Theater Preview: "Bonnie and Clyde"
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Frank Wildhorn ("Jekyll and Hyde," "The Scarlet Pimpernel") has a new musical premiering on Broadway this fall, based on the lives of Depression-era criminals Bonnie and Clyde. The pair has been romanticized many times, most notably in the 1967 movie starring Warren Beatty and Faye Dunaway. The musical, which premiered at La Jolla Playhouse in 2009 before playing at the Asolo Rep in Florida, will open Dec. 1 at the Schoenfeld Theatre.
The preview starts off with an excerpt from "The World Will Remember Us," an incredibly catchy and charming duet between the title characters, played by Jeremy Jordan ("Newsies" at Paper Mill, "West Side Story") and Laura Osnes ("Grease," "Anything Goes"), respectively. Jordan and Osnes' voices fit together like two puzzle pieces, and the song is very fun to listen to.
Next up is "How 'Bout a Dance," a ballad by Osnes, who brings enough energy to the song to keep it from dragging on. However, the next song, "You Love Who You Love," feels a bit drawn out, but this is probably more of a fault with the song itself than with the performers. It comes off as endlessly repeating the same idea, rather than furthering a point. While the song appears to be a duet between Clyde's sister-in-law, Blanche Barrow (who was married to his brother, Buck) and Bonnie, it doesn't really go anywhere.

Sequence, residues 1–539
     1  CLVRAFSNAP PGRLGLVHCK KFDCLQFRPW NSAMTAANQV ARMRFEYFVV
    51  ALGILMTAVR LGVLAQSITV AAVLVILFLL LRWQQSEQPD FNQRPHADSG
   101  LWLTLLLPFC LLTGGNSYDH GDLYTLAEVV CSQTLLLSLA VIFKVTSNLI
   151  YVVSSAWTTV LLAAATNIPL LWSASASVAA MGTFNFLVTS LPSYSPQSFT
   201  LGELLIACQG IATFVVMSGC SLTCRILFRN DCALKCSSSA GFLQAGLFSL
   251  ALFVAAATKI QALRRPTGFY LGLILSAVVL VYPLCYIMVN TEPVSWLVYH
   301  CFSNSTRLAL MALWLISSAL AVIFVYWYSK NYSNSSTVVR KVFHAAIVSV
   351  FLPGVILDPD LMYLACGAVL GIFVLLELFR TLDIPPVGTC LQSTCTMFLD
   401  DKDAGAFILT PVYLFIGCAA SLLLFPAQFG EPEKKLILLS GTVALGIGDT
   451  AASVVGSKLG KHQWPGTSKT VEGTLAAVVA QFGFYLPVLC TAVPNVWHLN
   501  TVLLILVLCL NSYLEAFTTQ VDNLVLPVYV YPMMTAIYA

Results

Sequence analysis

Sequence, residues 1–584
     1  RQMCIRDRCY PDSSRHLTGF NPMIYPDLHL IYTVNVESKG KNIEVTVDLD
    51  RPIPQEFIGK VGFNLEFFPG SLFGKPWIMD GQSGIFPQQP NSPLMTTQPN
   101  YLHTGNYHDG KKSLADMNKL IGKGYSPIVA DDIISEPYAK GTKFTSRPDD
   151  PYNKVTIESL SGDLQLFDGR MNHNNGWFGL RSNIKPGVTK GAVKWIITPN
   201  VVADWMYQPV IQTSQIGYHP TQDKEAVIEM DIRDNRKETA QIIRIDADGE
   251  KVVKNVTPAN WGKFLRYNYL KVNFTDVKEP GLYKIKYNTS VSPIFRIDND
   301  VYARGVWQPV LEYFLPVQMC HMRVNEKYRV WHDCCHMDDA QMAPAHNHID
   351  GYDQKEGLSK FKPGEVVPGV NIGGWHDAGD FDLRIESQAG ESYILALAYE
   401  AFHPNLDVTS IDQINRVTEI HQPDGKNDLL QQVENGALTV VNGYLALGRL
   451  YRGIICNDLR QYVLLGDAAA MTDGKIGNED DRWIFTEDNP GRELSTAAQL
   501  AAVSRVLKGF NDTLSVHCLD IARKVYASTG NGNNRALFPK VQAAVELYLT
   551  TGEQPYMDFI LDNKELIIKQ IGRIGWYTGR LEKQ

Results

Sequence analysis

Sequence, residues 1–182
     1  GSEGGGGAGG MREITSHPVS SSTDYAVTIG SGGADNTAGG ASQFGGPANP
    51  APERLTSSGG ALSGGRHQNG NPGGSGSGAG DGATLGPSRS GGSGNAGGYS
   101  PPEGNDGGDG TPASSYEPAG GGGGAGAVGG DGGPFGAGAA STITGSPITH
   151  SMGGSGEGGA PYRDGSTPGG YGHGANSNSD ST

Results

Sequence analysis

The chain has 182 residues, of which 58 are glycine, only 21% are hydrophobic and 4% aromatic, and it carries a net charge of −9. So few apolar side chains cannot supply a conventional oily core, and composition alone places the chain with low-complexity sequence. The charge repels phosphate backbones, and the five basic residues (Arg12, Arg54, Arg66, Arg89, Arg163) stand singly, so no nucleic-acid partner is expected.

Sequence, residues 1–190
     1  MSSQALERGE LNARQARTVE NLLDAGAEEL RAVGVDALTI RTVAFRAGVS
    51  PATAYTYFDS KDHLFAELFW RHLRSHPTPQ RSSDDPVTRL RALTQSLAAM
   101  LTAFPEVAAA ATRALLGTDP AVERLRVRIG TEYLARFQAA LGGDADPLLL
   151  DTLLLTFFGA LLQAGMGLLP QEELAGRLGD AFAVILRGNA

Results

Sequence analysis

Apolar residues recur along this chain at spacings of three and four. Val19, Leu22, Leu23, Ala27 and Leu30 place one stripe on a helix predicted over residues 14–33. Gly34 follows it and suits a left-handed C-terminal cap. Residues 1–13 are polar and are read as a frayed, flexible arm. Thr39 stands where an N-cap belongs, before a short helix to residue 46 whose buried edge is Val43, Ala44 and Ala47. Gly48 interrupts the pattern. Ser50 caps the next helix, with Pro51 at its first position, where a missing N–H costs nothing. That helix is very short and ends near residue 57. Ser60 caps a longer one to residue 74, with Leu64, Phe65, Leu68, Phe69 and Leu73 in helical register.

Things pick up considerably with "When I Drive," a high-spirited ode to cars and the automobile culture. Here, Clyde and Buck are celebrating everything they love about cars. While that sounds flippant, it does provide some insight into the couple's life of crime; after all, Clyde's first arrest (while he was still a teen) was for failing to return a rental car.
The expositionary look continues when we finally get to see a little dialogue leading into "Bonnie," Clyde's love song to his sweetheart. The song itself is kind of bland, but Jordan and Osnes are so adorable together that it doesn't really matter.
The last song is "Dying Ain't So Bad," an emotional song wherein (spoiler alert!) Bonnie and Clyde resign themselves to their fate. It's an incredibly powerful number, even under fluorescent lights and with the nattering click of camera shutters, so I can only imagine how much potential it has when it is fully staged.
The staging of the show should be quite interesting to see. Bonnie and Clyde's history is so dependent on cars and guns, two things that pose a lot of challenges when it's time to put them on stage. The preview obviously didn't incorporate either of those elements, as it took place in the rehearsal space, but hopefully the show will come to life on stage.
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